Stafford Reformed Presbyterian Church

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Covenanter Church
Stafford Reformed Presbyterian Church.jpg
Streetside view of the church
Stafford Reformed Presbyterian Church is located in Kansas
Stafford Reformed Presbyterian Church
Location 113 N. Green Ave., Stafford, Kansas
Coordinates 37°57′46″N 98°36′21″W / 37.96278°N 98.60583°W / 37.96278; -98.60583Coordinates: 37°57′46″N 98°36′21″W / 37.96278°N 98.60583°W / 37.96278; -98.60583
Area less than one acre
Built 1913
Architectural style Gothic Revival
Governing body Private
NRHP Reference # 05000544[1]
Added to NRHP June 8, 2005

The Stafford Reformed Presbyterian Church, also known as Covenanter Church, is a historic church in Stafford, Kansas, United States. Constructed in 1913, the building is a small-sized example of Gothic Revival architecture.[1] It replaced an older church built on the same site, which was demolished because it had fallen into poor condition.[2] The church itself existed as a part of the Reformed Presbyterian Church of North America (RPCNA) from 1911 to 1961.[3][4]:121 The building was added to the National Register of Historic Places on June 8, 2005 for its architectural significance.[1] Today, the church is owned by a local company, Henderson House Inn and Retreat Center, which uses it as part of its conference center.[5]

Structure[edit]

The church upon its completion

Both frame and concrete were employed in the construction of the church. Its original dimensions were approximately 30×42 feet (9×13 m); a basement was also included. The congregation needed aid from a denominational board to finance the construction; according to the board, the construction cost was approximately $6,000.[2] It was dedicated on January 13, 1914.[6]

Congregational history[edit]

Stafford Reformed Presbyterian Church was organized on January 19, 1911,[4]:121 largely under the leadership of R. A. Boyd. A longtime minister of the Associate Presbyterian Church, Boyd had been the pastor of the Associate Presbyterian congregation in Stafford since 1900, but he came to hold Reformed Presbyterian views and took much of his church with him into the RPCNA.[7] In 1911, the entire denomination included just 105 congregations throughout the United States;[4]:150-158 therefore, the sudden beginning of a new church in rural Kansas, its subsequent rapid growth, and the erection of its new building attracted significant interest across the denomination.[8] Conversely, the congregation rarely attracted much attention in official documents after the mid-1910s:[9] being noted only for its struggles in the Dust Bowl in 1935 and for the death of one of its members in World War II.[10][11] The church reached its highest membership in 1924, when 80 names were on the roll. In the 1940s, it began to decline: with very few exceptions, the church suffered a net loss in membership every year after 1943, and it suffered through several periods in which there was no pastor.[9] By early 1961, only nine members remained, and there was no pastor, as the final pastor had resigned in the previous spring.[12] Ultimately, the Stafford Reformed Presbyterian Church was closed on November 9, 1961.[3][13]:180 The building was sold for $1,500 at some point in late 1960 or early 1961.[13]:12 After serving as the house of worship for the Bible Missionary Church, it was purchased by Henderson House Bed and Breakfast in 2001.[14]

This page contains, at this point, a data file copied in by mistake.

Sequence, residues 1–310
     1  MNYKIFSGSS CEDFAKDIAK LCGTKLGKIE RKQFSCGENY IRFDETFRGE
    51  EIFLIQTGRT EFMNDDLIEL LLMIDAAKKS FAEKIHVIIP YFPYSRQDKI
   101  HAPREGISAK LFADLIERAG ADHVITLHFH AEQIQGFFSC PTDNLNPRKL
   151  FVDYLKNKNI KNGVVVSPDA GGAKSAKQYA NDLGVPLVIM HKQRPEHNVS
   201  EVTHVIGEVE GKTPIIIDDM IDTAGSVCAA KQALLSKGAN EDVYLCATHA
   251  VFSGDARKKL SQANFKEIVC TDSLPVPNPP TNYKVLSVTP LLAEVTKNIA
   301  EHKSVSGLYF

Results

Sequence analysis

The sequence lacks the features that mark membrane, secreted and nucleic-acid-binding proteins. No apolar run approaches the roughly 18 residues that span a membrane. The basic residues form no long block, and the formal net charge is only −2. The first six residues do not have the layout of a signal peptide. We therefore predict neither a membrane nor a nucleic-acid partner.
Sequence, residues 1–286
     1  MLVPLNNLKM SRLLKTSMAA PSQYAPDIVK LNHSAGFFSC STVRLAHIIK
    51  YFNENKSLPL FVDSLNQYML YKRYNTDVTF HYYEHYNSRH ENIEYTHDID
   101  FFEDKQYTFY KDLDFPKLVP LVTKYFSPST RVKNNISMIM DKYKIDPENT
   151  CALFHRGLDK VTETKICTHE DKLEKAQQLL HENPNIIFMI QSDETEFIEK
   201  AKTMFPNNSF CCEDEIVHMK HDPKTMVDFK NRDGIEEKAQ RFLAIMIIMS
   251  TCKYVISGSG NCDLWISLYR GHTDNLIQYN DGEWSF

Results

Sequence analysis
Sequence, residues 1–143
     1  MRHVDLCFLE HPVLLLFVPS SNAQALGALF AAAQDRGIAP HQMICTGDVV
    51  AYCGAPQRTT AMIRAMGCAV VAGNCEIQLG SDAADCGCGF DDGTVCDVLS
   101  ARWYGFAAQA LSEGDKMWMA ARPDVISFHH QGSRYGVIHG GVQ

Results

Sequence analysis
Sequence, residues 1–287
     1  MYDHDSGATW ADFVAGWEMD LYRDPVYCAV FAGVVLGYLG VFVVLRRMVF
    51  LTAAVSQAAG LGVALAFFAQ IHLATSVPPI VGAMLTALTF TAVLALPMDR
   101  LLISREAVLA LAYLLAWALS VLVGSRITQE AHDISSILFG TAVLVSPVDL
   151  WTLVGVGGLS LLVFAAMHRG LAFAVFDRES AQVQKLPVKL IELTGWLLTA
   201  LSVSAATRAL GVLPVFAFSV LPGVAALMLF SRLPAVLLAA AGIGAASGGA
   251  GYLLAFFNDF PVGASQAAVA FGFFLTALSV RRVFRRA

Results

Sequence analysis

See also[edit]

References[edit]

  1. ^ a b c "National Register Information System". National Register of Historic Places. National Park Service. 2009-03-13. 
  2. ^ a b Minutes of the Synod of the Reformed Presbyterian Church of North America LXXXIV. Pittsburgh: Reformed Presbyterian Church of North America, 1913, p. 138.
  3. ^ a b Minutes of the Synod and Yearbook of the Reformed Presbyterian Church of North America 1962. Pittsburgh: Reformed Presbyterian Church of North America, 1962, p. 147.
  4. ^ a b c Minutes of the Synod of the Reformed Presbyterian Church of North America Session LXXXII. Pittsburgh: Reformed Presbyterian Church of North America, 1911.
  5. ^ Conference and Meeting Facilities, Henderson House Conference and Retreat Center, 2008. Accessed 2008-12-27.
  6. ^ Dedication of Old Covenanter Church, Henderson House Conference and Retreat Center, 2007. Accessed 2008-12-27.
  7. ^ Thompson, Owen F. Sketches of the Ministers of the Reformed Presbyterian Church of North America. RPCNA, 1930, pp. 45-46.
  8. ^ Minutes of the Synod of the Reformed Presbyterian Church of North America Session LXXXV. Pittsburgh: Reformed Presbyterian Church of North America, 1914, p. 35.
  9. ^ a b Comparison of Minutes of Synod listed at http://www.rparchives.org/aboutme.htm
  10. ^ Minutes of the Synod of the Reformed Presbyterian Church of North America Session CVI. Pittsburgh: Reformed Presbyterian Church of North America, 1935, p. 27.
  11. ^ Minutes of the Synod of the Reformed Presbyterian Church of North America Session CXVII. Pittsburgh: Reformed Presbyterian Church of North America, 1946, p. 61.
  12. ^ Smith, Alvin W. Covenanter Ministers 1930-1963. Pittsburgh: RPCNA, 1964, page 41.
  13. ^ a b Minutes of the Synod and Yearbook of the Reformed Presbyterian Church of North America 1961. Pittsburgh: Reformed Presbyterian Church of North America, 1961.
  14. ^ Moore, Clare. National Register of Historic Places Inventory/Nomination: Covenanter Church. National Park Service, 2004-12-14, 9. Accessed 2009-09-23.

External links[edit]